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Santa Fe, New Mexico…

Posted by on October 31, 2017

OUR VISIT TO “THE CITY.” We’ve been in the Santa Fe area for a couple of weeks, but where we’re staying is at Cochiti Lake, a CoE park located about twenty miles south of Santa Fe and surrounded by vast Indian reservation lands. For those of you who missed my description a couple of weeks ago about this beautiful country, you can take a look at my post about this very serene spot.  The weather has been bright, crisp and sunny, but winter is right around the corner and the temperatures have been getting colder and colder. Daytime highs are only in the 50’s and we get a hard freeze almost every night. So, it’s not exactly been “sightseeing weather.” But today we went into town for a couple of hours to have lunch and take a look around the city.

SANTA FE IS THE CAPITAL. Santa Fe is the capital of New Mexico with a population of around 70,000 folks. The buildings and homes are constructed in the “single story, red adobe-style” typical of New Mexico, but what’s interesting is that there are very few exceptions.  I don’t know if there are CCR’s that require compliance to this architectural scheme or if the locals built this way just a matter of choice. So it’s interesting but at least to me a bit monotonous. The city is a haven for museums and art galleries and one could, literally, spend weeks combing though all of them. We didn’t take time for an exhaustive visit, so we just took a look at a couple of old churches, a few boutique stores, the Loretto Chapel and the luxurious Inn at Loretto.


This is the Cathedral Basilica of St. Francis of Assisi. It is a grand, historic 19th century church featuring stained glass windows and plenty of history. This is one of the few buildings in Santa Fe built in contrasting architecture to the surrounding adobe structures.


Typical street scene in the downtown area of Santa Fe. There are many, many galleries and boutique shops.


LORETTO CHAPEL. The Loretto Chapel in Santa Fe is a former Roman Catholic church that is now used as a museum and a wedding chapel. It is known for its unusual helix-shaped spiral staircase called the “Miraculous Stair.” It has been the subject of legend and the circumstances surrounding its construction and its builder were considered miraculous by the Sisters of Loretto, who credited St. Joseph with its construction.


Loretto Chapel in Santa Fe, New Mexico.



Loretto Chapel. Services are no longer held here, but the chapel can be booked for weddings and other appropriate events. 


Candles in the Chapel.


Come on down. I’ll be happy to listen to you confess your sins. (Hmmm. I’m getting a little “scruffy.” I think it’s about time for a haircut.)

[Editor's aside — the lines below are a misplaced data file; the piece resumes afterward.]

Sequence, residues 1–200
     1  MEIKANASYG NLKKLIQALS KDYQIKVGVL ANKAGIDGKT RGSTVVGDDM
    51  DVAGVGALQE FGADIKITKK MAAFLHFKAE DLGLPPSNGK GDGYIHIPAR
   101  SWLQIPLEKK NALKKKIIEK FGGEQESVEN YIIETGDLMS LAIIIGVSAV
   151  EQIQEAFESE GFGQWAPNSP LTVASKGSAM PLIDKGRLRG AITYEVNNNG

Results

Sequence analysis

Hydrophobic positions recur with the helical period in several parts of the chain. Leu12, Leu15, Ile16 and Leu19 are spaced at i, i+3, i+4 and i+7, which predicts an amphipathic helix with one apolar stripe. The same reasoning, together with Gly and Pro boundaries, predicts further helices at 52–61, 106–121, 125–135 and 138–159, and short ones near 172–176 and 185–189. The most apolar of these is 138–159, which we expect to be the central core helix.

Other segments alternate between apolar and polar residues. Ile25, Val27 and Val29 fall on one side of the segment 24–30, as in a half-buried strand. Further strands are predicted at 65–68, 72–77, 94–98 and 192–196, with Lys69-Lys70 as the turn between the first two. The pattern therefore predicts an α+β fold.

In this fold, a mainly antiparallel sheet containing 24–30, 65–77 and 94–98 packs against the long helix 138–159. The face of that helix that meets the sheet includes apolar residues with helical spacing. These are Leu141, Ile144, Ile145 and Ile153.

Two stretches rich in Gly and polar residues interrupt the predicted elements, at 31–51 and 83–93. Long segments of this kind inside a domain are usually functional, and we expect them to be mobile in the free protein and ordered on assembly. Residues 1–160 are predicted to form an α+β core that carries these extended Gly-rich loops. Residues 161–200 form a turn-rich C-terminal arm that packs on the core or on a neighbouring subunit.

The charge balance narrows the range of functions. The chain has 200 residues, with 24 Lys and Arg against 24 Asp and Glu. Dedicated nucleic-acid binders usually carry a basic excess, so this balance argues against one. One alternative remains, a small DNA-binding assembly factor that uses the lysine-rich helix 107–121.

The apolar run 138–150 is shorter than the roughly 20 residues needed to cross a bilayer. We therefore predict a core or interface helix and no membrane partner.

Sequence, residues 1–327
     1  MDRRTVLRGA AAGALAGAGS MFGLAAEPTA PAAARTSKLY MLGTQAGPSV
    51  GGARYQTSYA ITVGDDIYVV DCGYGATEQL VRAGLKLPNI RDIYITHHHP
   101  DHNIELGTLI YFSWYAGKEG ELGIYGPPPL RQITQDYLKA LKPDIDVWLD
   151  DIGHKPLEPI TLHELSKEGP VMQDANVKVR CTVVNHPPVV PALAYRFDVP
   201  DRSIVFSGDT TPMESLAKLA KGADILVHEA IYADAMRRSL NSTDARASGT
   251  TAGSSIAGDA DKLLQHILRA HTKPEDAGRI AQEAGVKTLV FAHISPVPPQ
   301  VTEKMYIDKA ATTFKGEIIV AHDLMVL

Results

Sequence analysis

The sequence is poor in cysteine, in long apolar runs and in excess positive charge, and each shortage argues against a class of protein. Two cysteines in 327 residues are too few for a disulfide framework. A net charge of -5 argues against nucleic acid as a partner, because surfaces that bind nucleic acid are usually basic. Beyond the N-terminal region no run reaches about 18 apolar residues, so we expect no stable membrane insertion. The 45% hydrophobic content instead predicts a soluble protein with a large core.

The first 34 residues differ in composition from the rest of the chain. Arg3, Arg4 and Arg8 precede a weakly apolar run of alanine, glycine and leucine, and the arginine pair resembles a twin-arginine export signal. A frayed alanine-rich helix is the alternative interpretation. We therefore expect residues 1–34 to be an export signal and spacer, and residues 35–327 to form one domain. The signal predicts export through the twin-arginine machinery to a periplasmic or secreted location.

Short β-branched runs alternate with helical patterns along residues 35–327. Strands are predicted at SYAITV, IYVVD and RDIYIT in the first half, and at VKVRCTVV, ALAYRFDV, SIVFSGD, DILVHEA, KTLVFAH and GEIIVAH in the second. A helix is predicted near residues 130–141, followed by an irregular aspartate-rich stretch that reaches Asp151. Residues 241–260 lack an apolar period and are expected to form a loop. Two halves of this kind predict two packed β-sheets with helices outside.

SPIRAL STAIRCASE: THE LEGEND. Needing a way to get up to the choir loft, the nuns prayed for St. Joseph’s intercession for nine straight days. The following day a shabby-looking stranger appeared at their door. He told the nuns he would build them a staircase but that he needed total privacy. They agreed, and he locked himself in the chapel for three months while working on a staircase. He only used a few primitive tools including a square, a saw and some warm water. The spiral staircase was constructed entirely of non-native wood. And, the identity of the carpenter is not known for as soon as the staircase was finally finished he was gone. Many witnesses, upon seeing the staircase, feel it was constructed by St. Joseph himself, as a miraculous occurrence.

AN AMAZING WORK OF CARPENTRY.  The staircase is an impressive work of carpentry. It ascends twenty feet, making two complete revolutions up to the choir loft without the use of nails or apparent center support. It has been surmised that the central spiral of the staircase is narrow enough to serve as a central beam. Nonetheless there was no attachment on any wall or pole in the original stairway, although in 1887—10 years after it was built—a railing was added and the outer spiral was fastened to an adjacent pillar. Instead of metal nails, the staircase was constructed using dowels or wooden pegs.


As originally constructed, the stairway had no bannister. The nuns, despite the danger, climbed the steps to the choir chapel.


THE INN AT LORETTO. The Inn and Spa at Loretto is a boutique hotel in Santa Fe that celebrates authentic Southwestern style and culture. Founded in 1975 by the Kirkpatrick family, it sits on the former site of the historic Our Lady of Loretto Academy and is adjacent to the Chapel featuring the miraculous staircase. The Inn is a Santa Fe icon and testament to the city’s modern history. Although the architectural style is completely different, the Inn is somewhat reminiscent of the Hotel del Coronado in San Diego.


The Inn at Loretto in Santa Fe, New Mexico.



Doesn’t this look a little like the Hotel del Coronado? I think so.


Shops and boutiques at the Inn at Loretto.


WHAT’S NEXT. Since winter is about to descend on us, we’ll be leaving the area in a few days. We’ve found an RV park at a working ranch in Deming, New Mexico which sounds fascinating and it’ll be our next stop. But before we leave, we’re going to get our Jeep off-road again and explore a desolate area the Rangers mentioned where, with a little luck, we’ll see Elk and Bighorn Sheep. Stay tuned.

I’ll continue my story next time.

4 Responses to Santa Fe, New Mexico…

  1. Jon York

    Well Coboy, ya gonna wrangle yo sef some steers?

  2. Greg Alford

    Hell yes, Jon! Didn’t I ever tell you that I was a professional bull rider in my younger days?

  3. Jon York

    Professional bullshitter may be more on the mark. You being a lawyer and all.

  4. Greg Alford

    Professional bullshitter? Surely you jest, Captain York!

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